Some refer to this current time as ‘The Great Pause’, whilst for many of our frontline workers it has been unprecedentedly stressful and busy. Those who have been able to slow down want to find a way to continue this slower pace of life, and singing is one way to do this. Singing requires good control of your breathing rate, which lowers your heart rate and helps reduce anxiety and negative feelings. You are also completely in the moment, concentrating on the lyrics, on listening and following your line, so it is an activity which can be mental abstraction from your circumstances and a creative outlet for stress. In 2019, we contributed evidence to Claudia Rohlen’s thesis entitled ‘Choral Singing Among Employees’, which was an investigation into the development of positive organisational scholarship. One result was that choral singing showed significantly higher effects of “entitativity” than team sports or solo-singing, indicating a greater social cohesion amongst choristers than among team-players.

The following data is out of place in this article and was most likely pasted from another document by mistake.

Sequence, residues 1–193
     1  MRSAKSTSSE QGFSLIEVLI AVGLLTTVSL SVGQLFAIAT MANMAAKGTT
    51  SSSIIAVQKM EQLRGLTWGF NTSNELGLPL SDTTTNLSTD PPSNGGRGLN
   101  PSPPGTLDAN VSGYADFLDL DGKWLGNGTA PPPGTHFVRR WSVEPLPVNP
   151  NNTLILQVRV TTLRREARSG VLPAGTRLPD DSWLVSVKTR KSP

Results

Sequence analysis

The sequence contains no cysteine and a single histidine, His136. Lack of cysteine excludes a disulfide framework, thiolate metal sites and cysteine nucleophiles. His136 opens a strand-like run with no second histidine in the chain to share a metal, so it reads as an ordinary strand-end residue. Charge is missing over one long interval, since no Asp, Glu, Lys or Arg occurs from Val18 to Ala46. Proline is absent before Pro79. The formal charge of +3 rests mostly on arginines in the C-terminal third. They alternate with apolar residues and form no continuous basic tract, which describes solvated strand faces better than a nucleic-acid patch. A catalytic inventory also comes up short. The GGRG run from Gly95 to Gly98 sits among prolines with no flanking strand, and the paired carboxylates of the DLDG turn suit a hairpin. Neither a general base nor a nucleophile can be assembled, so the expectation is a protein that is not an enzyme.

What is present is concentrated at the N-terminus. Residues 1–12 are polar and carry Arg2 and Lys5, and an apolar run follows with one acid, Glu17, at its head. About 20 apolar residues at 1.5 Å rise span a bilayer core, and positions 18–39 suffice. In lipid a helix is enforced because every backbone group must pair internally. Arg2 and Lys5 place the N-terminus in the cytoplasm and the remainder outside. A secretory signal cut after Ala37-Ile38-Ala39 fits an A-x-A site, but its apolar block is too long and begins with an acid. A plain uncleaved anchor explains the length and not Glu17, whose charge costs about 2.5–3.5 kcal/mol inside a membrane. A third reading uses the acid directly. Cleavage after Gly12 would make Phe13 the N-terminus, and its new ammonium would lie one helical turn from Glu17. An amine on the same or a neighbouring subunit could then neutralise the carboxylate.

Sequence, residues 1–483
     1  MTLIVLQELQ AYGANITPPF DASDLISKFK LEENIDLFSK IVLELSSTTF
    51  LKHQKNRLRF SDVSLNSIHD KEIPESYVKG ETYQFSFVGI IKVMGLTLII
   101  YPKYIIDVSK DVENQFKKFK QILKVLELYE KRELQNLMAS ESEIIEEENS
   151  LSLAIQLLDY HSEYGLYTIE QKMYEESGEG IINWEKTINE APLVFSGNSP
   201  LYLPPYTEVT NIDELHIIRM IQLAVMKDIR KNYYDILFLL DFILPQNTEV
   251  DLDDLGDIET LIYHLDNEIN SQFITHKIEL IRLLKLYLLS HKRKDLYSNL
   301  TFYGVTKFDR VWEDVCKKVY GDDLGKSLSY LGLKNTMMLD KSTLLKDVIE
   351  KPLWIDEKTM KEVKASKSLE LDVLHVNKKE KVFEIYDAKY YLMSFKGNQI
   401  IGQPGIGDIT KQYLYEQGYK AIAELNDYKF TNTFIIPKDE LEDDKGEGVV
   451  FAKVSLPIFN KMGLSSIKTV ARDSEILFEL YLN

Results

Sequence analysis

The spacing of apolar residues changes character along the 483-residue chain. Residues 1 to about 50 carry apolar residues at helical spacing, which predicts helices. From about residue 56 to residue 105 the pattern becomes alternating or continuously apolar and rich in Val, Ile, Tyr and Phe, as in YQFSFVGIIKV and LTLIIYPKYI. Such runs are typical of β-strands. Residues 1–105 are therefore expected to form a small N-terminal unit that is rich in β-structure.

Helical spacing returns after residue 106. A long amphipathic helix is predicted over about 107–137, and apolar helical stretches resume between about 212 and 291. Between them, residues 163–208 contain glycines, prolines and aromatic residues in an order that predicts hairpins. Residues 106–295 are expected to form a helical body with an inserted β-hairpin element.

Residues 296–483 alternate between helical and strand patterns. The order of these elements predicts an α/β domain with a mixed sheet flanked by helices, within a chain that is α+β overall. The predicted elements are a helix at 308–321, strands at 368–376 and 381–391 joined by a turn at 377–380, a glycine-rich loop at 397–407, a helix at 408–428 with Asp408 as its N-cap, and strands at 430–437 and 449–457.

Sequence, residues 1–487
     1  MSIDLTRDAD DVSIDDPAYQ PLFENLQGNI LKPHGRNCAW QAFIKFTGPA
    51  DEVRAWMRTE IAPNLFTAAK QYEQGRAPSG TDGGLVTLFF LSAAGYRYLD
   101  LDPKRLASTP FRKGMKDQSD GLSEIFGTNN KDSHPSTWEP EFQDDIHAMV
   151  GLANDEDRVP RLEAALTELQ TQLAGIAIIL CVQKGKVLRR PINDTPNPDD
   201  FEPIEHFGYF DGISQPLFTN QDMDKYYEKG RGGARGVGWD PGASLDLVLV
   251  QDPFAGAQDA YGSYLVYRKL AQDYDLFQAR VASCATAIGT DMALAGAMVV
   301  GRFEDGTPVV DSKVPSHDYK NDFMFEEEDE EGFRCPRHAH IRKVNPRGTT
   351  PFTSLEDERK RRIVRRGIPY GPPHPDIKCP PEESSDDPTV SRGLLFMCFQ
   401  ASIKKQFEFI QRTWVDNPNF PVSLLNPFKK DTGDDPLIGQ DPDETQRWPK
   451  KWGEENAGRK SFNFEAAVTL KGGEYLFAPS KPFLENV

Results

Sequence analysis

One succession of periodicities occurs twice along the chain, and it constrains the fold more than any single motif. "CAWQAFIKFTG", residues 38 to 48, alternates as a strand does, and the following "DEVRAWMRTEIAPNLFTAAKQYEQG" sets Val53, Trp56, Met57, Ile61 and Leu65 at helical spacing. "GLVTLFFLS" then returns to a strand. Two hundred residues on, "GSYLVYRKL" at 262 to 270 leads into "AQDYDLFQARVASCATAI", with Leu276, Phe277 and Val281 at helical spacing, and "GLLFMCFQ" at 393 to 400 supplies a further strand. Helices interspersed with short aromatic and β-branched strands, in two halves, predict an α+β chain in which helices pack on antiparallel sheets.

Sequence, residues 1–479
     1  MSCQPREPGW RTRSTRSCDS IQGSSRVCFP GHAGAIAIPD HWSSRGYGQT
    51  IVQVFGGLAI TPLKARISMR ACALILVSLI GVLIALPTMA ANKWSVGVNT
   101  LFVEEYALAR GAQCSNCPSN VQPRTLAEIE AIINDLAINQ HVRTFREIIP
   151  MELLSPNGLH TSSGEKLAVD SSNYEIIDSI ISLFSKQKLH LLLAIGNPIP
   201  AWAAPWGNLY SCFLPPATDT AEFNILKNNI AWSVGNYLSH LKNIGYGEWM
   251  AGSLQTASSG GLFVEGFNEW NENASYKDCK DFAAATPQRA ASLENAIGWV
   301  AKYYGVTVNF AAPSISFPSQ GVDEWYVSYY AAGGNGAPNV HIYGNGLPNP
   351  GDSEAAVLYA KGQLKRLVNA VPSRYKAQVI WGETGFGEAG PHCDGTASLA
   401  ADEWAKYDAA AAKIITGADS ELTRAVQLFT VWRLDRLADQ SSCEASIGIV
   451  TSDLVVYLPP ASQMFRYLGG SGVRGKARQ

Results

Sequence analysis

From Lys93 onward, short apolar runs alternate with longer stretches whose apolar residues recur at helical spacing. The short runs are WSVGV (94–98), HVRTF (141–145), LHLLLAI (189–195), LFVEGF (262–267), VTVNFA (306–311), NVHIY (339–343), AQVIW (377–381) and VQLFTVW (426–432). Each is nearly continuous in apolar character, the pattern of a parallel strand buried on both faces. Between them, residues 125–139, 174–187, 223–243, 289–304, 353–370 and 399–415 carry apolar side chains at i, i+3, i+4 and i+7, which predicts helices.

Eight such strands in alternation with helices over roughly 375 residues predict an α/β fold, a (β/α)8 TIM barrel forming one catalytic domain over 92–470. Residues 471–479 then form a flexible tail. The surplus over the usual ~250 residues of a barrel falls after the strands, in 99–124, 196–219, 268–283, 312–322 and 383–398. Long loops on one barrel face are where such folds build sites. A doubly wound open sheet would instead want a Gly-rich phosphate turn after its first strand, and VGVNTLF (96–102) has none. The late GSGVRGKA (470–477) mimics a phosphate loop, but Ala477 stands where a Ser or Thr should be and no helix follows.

Great musical experiences have the ability to change people’s lives. Attending live concerts isn’t possible currently and isn’t going to be possible for a while longer, and the plethora of online experiences don’t carry the same energy. There are no vibrations rushing through your body from the orchestra, the theatre of a concert hall experience is hard to recreate and the physical barrier between the performer and listener creates a distance, however the benefits of online access to music has been huge. Our first online zoom concert enabled family and friends from all around the world to join with such ease and immediacy. We also had people in Japan who had set their alarm clock to attend our Music in Offices concert, and they had heard about it from friends in Copenhagen, so the word spread quicker than ever before. Preparing for a concert of any standard or context requires discipline, hard work, focus and the ability to overcome anxiety of performance. For one of our performers, a pupil at Music in Offices, it was the first time in 20 years she had performed and with her family in attendance on zoom it was the highlight of their week! Our pupils find that after a performance, whether it’s with their choir or individually their confidence is really raised and they are buzzing from the adrenalin of the performance. The sense of achievement you get from a performance after regular hard work is huge and quite rare as an adult to feel.